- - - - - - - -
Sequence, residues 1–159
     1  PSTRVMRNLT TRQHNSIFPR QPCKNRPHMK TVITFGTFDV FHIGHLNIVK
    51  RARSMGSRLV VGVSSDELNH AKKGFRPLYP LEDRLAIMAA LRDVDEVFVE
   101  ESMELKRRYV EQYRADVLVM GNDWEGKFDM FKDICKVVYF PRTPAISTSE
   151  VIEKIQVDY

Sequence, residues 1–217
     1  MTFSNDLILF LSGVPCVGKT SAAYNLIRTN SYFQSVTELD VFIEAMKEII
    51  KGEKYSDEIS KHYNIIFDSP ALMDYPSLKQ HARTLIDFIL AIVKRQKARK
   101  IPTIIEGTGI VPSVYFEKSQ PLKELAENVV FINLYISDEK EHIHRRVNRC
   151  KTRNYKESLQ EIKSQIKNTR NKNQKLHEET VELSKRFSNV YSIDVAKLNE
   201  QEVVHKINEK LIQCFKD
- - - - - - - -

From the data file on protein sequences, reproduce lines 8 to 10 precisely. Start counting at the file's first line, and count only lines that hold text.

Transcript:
    51  KGEKYSDEIS KHYNIIFDSP ALMDYPSLKQ HARTLIDFIL AIVKRQKARK
   101  IPTIIEGTGI VPSVYFEKSQ PLKELAENVV FINLYISDEK EHIHRRVNRC
   151  KTRNYKESLQ EIKSQIKNTR NKNQKLHEET VELSKRFSNV YSIDVAKLNE